5. DO Retain Copyright in the Article

If you are not sure what to look for in the contract, I’d recommend consulting with an attorney. After all, despite the vast difference in bargaining power between a freelance journalist and a large media conglomerate, journalists are nevertheless educated, competent professionals who have the ability to read and comprehend a contract. Even if the contract contained arguably unfair provisions, a court could find that the journalist knowingly entered into the agreement and that it is an enforceable contract.

That said, if you are confident in your contract negotiating abilities, I’ll point out a few important provisions to be aware of.

Pay particular attention to who would own the copyright in the article. As a freelancer, you should ideally try to retain the copyright in the article.  Instead, just grant the publisher limited rights to use your copyrighted work. This way you can re-publish the article as your own, and you can have control over whether the article is used in other media or derivative works in the future.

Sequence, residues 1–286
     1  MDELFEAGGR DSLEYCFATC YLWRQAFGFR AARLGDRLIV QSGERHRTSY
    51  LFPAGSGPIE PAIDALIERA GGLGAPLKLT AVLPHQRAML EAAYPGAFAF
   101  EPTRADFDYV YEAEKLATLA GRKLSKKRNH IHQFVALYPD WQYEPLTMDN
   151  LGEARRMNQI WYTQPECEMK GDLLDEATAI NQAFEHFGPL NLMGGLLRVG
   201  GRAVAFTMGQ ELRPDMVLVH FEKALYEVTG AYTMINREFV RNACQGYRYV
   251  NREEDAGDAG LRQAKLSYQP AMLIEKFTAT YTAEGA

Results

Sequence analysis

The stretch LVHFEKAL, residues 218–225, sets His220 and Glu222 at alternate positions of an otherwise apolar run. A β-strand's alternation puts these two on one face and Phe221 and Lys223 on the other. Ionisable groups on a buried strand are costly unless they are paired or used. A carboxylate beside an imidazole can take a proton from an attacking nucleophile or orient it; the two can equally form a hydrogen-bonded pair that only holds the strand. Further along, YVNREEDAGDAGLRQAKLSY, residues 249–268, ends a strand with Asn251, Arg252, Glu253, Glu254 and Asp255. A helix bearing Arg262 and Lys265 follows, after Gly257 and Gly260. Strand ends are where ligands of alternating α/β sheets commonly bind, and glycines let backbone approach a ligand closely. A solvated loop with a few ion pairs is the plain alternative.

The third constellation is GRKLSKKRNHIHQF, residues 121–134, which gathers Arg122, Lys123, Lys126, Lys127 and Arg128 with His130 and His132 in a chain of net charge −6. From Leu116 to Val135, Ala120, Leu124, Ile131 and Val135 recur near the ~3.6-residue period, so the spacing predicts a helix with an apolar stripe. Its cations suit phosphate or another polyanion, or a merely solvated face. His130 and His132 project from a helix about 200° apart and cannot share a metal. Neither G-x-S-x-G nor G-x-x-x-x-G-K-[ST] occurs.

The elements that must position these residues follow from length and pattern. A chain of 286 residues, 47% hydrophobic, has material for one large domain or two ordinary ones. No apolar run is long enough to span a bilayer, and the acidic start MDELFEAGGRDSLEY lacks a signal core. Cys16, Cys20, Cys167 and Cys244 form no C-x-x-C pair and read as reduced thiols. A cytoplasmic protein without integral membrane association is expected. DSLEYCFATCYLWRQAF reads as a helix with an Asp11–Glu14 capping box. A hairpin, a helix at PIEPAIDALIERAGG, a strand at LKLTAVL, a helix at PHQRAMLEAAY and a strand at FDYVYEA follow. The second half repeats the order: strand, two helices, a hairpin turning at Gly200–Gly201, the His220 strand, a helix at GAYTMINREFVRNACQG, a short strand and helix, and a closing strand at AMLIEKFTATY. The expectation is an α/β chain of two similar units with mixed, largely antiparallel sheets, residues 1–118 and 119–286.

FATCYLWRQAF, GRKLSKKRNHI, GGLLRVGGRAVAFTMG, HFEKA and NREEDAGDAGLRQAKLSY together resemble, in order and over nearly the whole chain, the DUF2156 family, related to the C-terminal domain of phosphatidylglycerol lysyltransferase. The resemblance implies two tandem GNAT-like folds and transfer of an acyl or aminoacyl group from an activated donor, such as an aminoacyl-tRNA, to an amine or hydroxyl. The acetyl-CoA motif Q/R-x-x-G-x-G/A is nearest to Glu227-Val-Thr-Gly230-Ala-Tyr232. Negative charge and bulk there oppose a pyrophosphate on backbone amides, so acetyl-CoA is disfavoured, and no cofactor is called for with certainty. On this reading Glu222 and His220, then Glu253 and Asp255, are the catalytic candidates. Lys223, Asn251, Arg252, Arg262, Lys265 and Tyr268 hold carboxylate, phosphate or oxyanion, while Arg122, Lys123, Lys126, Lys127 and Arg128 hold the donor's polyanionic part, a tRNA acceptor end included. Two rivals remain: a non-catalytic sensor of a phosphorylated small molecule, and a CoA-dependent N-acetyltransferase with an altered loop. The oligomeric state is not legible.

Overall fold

Copyrights are typically owned by the individual who created the work of expression, or in this case, the freelancer who wrote the article. However, if it was a “work-for-hire”, then the copyright would vest in the entity for which the article was written, effectively stripping the freelancer of its control. In other words, the publisher would own the copyright. If there is a “work-for-hire” clause in your agreement, ask yourself whether this is acceptable to you.

6. DON’T Accept Indemnity Clauses

An indemnity clause more-or-less states:

“You herby agree to fully indemnify the publisher from any and all claims, demands, and liabilities (including attorneys fees) resulting from your article.”

Understand the implications of a freelancer agreeing to such a clause. This essentially means that if you have unintentionally included, for example, a defamatory statement or inaccurate facts, in your article, and a lawsuit is then filed against the publisher, you are promising to bear all the blame and costs associated with such lawsuit. This, if agreed to, has the potential to cripple the freelancer.